Silent-picture actress Norma Talmadge (1897-1957) started the tradition when she accidentally stumbled onto a freshly laid cement sidewalk in front of the theater in 1927.
The first urban shopping center was Roland Park Shopping Center, built in 1896 in Baltimore, Maryland. The first suburban shopping center was built in 1928 in Ardmore, Pennsylvania. Called Suburban Square, it offered two department stores, doctors’ offices, a movie theater, and 17 other shops.
The first spacecraft to land on the moon was Luna 2, launched by the USSR on September 12, 1959. It crash-landed between the craters Archimedes and Autolycus in the Mare Imbrium on September 14. A successful landing was made by Luna 9 on February 3, 1966.
Of the 2,200 persons quoted in the current edition of Bartlett’s Familiar Quotations only 164 are women. This is an astronomical increase over the number quoted in the 1855 first edition of four.
The term witch hazel is the common name for the Hamamelis plant. The witch of the plant’s name comes from wice, an Anglo-Saxon word for a plant with flexible branches. It is unclear who first used the leaves and bark of witch hazel in toiletries and tonics. Some believe it was the Anglo-Saxons; others think … Read more
A first step to joining the French Foreign Legion would be to write to them. The address is: Legion Etrangere, Quartier Vienot, 13400 Aubagne, France.
A 1 carat diamond weighs 200 milligrams, or 3.086 grains troy. The measurement originally represented the weight of a seed of the carob tree.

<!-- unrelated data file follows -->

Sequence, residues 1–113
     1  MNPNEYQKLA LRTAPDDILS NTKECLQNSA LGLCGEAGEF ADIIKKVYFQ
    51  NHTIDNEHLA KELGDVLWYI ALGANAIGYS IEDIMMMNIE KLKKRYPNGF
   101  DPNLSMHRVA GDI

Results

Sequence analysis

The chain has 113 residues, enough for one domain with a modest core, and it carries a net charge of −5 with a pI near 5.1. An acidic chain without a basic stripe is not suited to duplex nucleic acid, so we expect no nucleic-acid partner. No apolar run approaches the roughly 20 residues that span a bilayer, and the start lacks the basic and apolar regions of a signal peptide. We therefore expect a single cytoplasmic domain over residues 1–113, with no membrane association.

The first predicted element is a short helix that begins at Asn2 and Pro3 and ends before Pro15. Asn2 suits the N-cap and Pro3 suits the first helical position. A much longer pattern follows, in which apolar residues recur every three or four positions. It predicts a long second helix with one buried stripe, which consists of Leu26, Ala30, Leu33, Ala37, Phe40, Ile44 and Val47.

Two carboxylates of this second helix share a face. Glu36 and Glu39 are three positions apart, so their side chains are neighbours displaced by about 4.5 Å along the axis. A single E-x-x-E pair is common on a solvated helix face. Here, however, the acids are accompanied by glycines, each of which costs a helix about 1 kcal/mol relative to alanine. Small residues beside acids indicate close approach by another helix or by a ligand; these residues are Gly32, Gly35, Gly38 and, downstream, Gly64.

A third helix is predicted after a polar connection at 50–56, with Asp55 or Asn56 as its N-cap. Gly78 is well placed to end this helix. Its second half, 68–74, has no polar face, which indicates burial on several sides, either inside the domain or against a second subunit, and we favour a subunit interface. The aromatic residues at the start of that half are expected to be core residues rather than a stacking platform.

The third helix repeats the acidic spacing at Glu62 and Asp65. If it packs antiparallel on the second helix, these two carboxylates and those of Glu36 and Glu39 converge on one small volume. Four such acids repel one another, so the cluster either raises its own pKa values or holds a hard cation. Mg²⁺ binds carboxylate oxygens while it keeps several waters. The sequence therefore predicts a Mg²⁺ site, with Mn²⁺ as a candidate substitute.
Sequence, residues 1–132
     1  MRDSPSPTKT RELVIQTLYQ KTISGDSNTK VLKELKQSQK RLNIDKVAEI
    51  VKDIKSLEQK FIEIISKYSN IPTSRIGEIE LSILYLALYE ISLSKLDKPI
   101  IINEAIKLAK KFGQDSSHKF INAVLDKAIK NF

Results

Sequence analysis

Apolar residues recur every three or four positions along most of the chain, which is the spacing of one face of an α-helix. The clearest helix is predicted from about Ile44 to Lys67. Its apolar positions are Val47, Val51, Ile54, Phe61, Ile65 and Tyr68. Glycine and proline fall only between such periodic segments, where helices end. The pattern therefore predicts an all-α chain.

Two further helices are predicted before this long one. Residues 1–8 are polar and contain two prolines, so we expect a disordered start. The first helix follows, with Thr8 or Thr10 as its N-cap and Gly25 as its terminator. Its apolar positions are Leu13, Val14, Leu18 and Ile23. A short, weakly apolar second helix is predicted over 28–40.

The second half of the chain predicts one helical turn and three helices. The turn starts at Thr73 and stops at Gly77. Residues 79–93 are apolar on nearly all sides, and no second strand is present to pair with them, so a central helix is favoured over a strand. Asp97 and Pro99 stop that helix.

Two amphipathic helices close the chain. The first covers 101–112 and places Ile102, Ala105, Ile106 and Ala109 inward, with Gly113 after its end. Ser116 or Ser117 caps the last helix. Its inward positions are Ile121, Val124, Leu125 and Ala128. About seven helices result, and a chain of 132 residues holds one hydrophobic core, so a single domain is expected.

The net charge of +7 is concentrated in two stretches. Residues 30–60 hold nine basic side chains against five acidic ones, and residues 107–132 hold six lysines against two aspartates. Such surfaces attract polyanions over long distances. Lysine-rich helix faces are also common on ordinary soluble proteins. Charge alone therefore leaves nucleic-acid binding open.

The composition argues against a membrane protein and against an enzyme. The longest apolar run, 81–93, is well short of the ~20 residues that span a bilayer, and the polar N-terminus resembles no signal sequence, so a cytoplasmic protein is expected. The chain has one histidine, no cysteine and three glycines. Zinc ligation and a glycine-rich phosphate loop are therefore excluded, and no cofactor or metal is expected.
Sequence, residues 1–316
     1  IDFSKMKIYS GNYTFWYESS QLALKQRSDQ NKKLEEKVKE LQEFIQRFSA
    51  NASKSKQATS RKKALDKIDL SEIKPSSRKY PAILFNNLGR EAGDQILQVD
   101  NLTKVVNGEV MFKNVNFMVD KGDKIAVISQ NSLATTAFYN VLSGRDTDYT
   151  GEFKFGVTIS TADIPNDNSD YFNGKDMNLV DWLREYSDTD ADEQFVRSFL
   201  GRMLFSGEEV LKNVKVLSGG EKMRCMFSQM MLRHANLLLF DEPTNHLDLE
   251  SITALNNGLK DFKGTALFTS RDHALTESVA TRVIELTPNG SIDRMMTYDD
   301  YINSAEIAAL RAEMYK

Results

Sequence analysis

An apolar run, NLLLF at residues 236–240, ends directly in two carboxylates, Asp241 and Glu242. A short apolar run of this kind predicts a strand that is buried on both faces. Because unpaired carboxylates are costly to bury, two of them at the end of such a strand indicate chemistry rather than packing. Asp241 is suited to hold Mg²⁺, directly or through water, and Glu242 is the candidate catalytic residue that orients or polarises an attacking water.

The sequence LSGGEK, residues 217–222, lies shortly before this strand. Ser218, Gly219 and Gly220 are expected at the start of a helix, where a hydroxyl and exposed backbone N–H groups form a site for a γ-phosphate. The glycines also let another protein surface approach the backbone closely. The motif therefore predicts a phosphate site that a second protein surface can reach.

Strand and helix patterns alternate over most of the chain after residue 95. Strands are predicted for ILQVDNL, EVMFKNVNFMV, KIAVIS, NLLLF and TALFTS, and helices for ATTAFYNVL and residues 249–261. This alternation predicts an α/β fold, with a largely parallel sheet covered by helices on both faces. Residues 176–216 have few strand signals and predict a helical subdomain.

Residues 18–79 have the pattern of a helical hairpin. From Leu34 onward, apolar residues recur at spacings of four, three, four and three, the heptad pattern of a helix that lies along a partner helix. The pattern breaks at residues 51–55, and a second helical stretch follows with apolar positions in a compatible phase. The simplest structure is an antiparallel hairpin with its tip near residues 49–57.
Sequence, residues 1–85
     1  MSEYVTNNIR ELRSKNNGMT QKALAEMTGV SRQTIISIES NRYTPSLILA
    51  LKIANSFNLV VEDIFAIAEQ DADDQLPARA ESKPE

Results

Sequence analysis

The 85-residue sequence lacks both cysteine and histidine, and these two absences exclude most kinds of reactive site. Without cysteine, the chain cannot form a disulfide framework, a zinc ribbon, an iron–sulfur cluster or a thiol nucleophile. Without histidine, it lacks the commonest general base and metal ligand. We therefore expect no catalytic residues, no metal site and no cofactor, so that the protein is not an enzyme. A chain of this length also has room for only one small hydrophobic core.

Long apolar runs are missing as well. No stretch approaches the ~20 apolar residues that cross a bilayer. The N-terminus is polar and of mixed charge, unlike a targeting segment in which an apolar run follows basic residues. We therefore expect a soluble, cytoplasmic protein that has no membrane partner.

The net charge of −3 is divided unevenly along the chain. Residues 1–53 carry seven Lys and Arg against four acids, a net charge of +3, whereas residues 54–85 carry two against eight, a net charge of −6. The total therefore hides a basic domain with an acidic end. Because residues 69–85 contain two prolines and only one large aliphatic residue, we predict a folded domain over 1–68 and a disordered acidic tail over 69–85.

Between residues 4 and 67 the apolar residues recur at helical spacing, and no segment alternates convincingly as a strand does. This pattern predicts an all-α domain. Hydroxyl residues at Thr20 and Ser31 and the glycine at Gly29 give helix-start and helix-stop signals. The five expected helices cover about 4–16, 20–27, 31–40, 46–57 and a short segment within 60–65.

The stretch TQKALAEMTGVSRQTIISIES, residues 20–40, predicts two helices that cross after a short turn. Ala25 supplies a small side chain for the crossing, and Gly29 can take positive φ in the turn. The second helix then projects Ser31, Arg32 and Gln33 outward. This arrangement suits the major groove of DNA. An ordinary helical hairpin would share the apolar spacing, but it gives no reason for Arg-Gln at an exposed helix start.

Las Vegas-style casinos were approved by New Jersey voters and became legal on Tuesday, November 2, 1976.
The first showboat was William Chapman’s Floating Theatre, built at Pittsburgh in 1831. It traveled the system of waterways dominated by the Mississippi and Ohio rivers, bringing entertainment to America’s river frontier. Once the river frontier closed and other entertainments beckoned, showboats declined. The last authentic showboat in operation was the Golden Rod in 1943.
The first zoo in the United States was the Philadelphia Zoological Gardens, which opened in 1874. In 1938, it became the site of the first children’s zoo. Founded and operated by the Zoological Society of Philadelphia, the Philadelphia Zoo currently houses more than 1,400 specimens of over 400 species.
Convicted axe-murderer William Kemmler became the first man to be executed by electrocution on August 6, 1890, at Auburn State Prison, New York. Harold P. Brown had conceived the idea of death by electrocution and conducted the early experiments. Thomas Alva Edison supplied the equipment. According to the official report, the procedure, which had to … Read more